This article explores the complex issue of LGBT rights in the EU and the member states by examining the issues’ cultural and human rights facade. It will be illustrated with one case, namely the recent case of Coman-Hamilton (Relu Adrian Coman and Others v Inspectoratul General pentru Imigrări and Others). Continue reading “LGBT & EU Legislation: An Overview of the Recent Developments”
Towards a new generation of cultural funding
by Marje Brütt
The cultural and creative sector is the third biggest employer in the European Union being only excelled by the construction and the food sectors. Besides their rather underestimated economic importance, culture and creativity build bridges between people and positively influence various areas, e.g. education, well-being or democracy. Consequently, culture contributes to the objectives of the European integration. Therefore, it is necessary to foster our cultural and political identity, to preserve our diversity and increase the intercultural dialogue as it is mentioned in Article 167 of the Treaty of Lisbon.
In order to give credit to the cultural sector and to support its further development, the European Union launched Creative Europe in 2014 as the EU’s funding programme for the cultural, creative and audiovisual sectors. As such it is in place for seven years (2014-2020) and consists of two sub-programmes that used to exist independently before: MEDIA and CULTURE. While MEDIA is dedicated to the audiovisual sector and helps promoting audiovisual works, CULTURE covers funding for all other cultural and creative areas including amongst others performing and visual arts, literature, music, street art and cultural heritage. In total, 1,46 billion Euros are foreseen for the whole programme meaning for the whole seven years and all participating countries. Related to the amount of participating countries, this amount can change throughout the years. In addition to the 28 EU Member States, interested European countries can associate with Creative Europe and thereby increase the programme’s budget. In the past years, the list of participating countries grew continuously up to 41 countries in 2018, including amongst others Tunisia, Georgia, Ukraine, Albania and Armenia, boosting the intercultural exchange in the European neighbourhood. Simultaneously, countries can also leave the group as it was the case with Turkey in autumn 2016 and could be happening again with the upcoming Brexit in 2019. Continue reading “The Future of Creative Europe”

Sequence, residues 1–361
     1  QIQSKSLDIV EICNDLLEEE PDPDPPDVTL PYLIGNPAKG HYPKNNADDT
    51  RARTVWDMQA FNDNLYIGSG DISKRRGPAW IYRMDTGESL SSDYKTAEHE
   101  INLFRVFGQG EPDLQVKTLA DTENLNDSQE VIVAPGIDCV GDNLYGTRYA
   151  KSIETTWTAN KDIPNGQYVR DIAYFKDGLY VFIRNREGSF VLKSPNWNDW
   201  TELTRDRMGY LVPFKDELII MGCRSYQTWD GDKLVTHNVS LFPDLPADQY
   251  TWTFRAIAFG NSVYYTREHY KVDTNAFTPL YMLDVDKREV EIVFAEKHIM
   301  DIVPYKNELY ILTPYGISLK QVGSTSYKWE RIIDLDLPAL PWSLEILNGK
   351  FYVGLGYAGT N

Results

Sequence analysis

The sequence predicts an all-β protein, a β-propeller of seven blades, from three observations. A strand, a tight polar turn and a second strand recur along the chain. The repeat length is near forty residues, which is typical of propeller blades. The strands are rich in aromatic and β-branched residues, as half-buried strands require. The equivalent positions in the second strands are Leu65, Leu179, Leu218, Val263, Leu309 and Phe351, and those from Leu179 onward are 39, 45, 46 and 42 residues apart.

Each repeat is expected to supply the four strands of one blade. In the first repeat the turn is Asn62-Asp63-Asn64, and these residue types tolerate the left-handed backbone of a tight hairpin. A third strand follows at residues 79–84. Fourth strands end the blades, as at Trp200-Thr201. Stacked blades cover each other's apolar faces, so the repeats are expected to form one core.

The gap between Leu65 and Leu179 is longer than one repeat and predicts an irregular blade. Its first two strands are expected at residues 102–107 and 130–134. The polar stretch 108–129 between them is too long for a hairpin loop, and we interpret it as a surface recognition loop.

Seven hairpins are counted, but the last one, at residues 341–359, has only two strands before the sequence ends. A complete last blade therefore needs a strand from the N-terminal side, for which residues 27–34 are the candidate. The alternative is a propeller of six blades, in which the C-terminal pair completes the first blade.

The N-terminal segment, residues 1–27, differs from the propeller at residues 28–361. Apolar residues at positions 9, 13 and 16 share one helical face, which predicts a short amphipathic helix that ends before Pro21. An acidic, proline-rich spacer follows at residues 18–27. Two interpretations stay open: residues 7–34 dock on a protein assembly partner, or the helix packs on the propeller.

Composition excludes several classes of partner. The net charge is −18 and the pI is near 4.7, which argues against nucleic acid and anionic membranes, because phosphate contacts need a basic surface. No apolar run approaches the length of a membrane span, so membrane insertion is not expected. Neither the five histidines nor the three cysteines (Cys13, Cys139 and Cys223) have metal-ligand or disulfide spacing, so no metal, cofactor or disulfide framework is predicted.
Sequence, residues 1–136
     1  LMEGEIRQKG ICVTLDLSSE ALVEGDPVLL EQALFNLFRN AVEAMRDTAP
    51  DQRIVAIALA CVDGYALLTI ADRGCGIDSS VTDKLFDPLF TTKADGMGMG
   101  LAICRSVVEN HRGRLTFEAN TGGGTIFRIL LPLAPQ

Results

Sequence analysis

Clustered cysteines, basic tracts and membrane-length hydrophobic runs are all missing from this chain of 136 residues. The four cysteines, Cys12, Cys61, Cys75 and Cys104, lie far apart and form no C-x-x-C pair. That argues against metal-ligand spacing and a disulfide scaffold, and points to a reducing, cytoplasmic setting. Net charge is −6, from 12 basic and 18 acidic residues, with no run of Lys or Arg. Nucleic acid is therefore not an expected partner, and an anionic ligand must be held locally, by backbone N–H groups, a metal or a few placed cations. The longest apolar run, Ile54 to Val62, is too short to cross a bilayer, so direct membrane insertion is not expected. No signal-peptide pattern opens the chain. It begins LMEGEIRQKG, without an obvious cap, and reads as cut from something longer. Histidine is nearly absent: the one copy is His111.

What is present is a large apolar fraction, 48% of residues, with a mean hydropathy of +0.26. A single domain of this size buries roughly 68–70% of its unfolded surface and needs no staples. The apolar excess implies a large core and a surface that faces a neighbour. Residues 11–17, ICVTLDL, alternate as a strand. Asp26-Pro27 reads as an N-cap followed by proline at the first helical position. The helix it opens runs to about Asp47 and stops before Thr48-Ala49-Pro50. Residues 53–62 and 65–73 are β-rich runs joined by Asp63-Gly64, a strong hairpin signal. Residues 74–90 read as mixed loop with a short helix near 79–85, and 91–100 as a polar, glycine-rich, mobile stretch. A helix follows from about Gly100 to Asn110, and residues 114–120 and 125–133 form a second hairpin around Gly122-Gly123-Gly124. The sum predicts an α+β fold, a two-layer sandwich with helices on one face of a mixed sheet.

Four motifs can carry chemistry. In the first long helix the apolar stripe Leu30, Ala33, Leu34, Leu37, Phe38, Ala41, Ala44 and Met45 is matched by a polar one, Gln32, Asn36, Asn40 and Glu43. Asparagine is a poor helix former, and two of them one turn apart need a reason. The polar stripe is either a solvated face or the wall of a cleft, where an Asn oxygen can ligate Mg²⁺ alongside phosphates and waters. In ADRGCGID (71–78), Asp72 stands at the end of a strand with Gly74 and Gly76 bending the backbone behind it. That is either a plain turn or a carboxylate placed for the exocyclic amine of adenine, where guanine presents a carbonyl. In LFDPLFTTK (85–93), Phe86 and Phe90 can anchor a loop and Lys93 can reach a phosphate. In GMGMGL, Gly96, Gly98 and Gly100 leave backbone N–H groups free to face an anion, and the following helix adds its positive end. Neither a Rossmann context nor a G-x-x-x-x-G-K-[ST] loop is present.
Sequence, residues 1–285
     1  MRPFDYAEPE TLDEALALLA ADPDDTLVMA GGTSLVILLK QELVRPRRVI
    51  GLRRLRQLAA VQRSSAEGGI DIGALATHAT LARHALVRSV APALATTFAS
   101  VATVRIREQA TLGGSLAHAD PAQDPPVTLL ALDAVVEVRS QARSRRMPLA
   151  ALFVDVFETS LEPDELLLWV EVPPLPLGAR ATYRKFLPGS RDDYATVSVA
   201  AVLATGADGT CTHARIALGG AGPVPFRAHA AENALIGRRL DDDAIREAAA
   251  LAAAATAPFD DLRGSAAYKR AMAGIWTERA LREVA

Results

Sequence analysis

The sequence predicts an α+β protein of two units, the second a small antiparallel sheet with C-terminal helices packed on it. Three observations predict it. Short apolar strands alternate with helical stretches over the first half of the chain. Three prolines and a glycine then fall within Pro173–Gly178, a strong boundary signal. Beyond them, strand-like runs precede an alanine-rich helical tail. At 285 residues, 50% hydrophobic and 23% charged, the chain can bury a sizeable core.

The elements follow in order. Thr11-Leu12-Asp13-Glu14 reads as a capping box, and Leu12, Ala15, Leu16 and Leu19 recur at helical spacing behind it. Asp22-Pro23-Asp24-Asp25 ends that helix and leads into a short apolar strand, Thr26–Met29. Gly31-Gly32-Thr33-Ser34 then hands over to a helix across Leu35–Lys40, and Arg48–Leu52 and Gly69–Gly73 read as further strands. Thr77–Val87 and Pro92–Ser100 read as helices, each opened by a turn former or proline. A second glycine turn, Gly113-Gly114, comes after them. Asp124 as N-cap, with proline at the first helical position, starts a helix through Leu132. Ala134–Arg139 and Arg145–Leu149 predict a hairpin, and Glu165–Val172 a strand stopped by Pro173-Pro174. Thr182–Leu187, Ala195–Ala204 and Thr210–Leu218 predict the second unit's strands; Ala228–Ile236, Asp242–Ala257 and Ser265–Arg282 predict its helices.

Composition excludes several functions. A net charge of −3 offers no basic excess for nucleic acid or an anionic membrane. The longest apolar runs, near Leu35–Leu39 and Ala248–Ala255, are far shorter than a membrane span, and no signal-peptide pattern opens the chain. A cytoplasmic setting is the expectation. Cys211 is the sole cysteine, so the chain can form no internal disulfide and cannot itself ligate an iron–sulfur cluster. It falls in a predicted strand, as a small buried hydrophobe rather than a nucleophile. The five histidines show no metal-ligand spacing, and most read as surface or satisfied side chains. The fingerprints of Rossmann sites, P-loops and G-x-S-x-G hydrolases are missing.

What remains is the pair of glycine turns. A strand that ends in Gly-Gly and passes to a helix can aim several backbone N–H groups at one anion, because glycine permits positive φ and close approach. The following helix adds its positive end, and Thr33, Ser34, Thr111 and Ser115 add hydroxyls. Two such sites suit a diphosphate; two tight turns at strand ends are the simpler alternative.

By Guilherme Becker
After a cold and rainy winter in Southern Brazil, springtime has already come with some sunny but not so shiny weeks. As time runs towards the national election on October 7th, a land worldwide known for its clear sky and spectacular shores seems to be a bit cloudier and darker than usual. The feeling may come from the fact that things will remain the same for the next hundred years: stagnant, conservative, late, backwards and with its best minds leaving it behind. Is there anything worse than that? Well, maybe yes.
Democratic since 1985 and with direct elections since 1989, Brazil now faces a campaign full of hate. Violence has dropped off from the internet directly into the streets. Almost a month ago the right-wing candidate Jair Bolsonaro (PSL) was stabbed while campaigning in the midst of a crowd in Juiz de Fora, Minas Gerais, Southeast.
On March this year, violent mood was already in the air, when a bus transporting voters of the then candidate of centre-left-wing Luiz Inácio Lula da Silva (PT, Workers’ Party, former president from 2003 to 2010, sentenced to jail for corruption and thus forbidden to run under Brazilian law) was shot twice in the state of Paraná, in the South, without injuries.
The first impression is that all that hate speech that people used to flow freely on social media now has poured into reality. And that is not only worrying: it actually is a very frightening development to observe. Continue reading “Elections in Brazil: A Case of Political Polarisation”
An insight from the Italian powder keg
By Agnese Olmati
If migration has continuously been in the spotlight since the beginning of the refugee crisis, it is only during the past few months that Italy has really hit the headlines of European newspapers, despite having been one of the main doors to Europe for several decades.